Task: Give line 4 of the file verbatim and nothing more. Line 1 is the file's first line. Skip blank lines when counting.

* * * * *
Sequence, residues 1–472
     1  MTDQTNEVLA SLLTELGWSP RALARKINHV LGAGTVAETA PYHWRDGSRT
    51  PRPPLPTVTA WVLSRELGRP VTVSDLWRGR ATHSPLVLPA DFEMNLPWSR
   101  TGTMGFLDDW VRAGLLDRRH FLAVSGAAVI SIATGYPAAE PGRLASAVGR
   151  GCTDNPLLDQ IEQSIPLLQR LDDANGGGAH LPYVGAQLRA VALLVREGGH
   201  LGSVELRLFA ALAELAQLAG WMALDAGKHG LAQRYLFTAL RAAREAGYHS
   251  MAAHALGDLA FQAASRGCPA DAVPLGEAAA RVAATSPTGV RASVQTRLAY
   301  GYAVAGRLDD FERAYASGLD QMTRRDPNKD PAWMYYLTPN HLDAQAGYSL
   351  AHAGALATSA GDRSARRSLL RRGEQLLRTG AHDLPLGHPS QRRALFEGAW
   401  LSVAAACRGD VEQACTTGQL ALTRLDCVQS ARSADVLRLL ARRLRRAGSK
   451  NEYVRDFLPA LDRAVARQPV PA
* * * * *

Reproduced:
   101  TGTMGFLDDW VRAGLLDRRH FLAVSGAAVI SIATGYPAAE PGRLASAVGR